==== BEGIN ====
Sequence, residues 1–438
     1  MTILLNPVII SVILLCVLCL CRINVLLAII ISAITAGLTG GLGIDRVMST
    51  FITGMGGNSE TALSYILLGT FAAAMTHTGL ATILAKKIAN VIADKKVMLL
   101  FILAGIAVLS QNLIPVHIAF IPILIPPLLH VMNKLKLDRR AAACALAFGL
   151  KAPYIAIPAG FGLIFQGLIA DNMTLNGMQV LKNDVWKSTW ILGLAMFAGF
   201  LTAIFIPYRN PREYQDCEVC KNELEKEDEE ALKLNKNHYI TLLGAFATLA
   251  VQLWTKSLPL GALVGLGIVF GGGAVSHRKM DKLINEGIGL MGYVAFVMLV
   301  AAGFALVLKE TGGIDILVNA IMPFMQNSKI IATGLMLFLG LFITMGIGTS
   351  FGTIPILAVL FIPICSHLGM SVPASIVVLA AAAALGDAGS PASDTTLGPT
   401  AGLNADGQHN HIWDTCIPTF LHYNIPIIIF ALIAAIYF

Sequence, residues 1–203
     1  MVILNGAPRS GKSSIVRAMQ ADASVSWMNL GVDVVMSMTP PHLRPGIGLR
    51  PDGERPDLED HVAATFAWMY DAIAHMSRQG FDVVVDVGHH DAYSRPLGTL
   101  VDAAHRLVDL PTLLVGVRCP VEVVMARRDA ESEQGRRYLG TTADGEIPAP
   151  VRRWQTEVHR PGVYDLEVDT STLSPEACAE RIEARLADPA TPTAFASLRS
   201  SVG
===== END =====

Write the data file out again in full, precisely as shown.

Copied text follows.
Sequence, residues 1–438
     1  MTILLNPVII SVILLCVLCL CRINVLLAII ISAITAGLTG GLGIDRVMST
    51  FITGMGGNSE TALSYILLGT FAAAMTHTGL ATILAKKIAN VIADKKVMLL
   101  FILAGIAVLS QNLIPVHIAF IPILIPPLLH VMNKLKLDRR AAACALAFGL
   151  KAPYIAIPAG FGLIFQGLIA DNMTLNGMQV LKNDVWKSTW ILGLAMFAGF
   201  LTAIFIPYRN PREYQDCEVC KNELEKEDEE ALKLNKNHYI TLLGAFATLA
   251  VQLWTKSLPL GALVGLGIVF GGGAVSHRKM DKLINEGIGL MGYVAFVMLV
   301  AAGFALVLKE TGGIDILVNA IMPFMQNSKI IATGLMLFLG LFITMGIGTS
   351  FGTIPILAVL FIPICSHLGM SVPASIVVLA AAAALGDAGS PASDTTLGPT
   401  AGLNADGQHN HIWDTCIPTF LHYNIPIIIF ALIAAIYF

Sequence, residues 1–203
     1  MVILNGAPRS GKSSIVRAMQ ADASVSWMNL GVDVVMSMTP PHLRPGIGLR
    51  PDGERPDLED HVAATFAWMY DAIAHMSRQG FDVVVDVGHH DAYSRPLGTL
   101  VDAAHRLVDL PTLLVGVRCP VEVVMARRDA ESEQGRRYLG TTADGEIPAP
   151  VRRWQTEVHR PGVYDLEVDT STLSPEACAE RIEARLADPA TPTAFASLRS
   201  SVG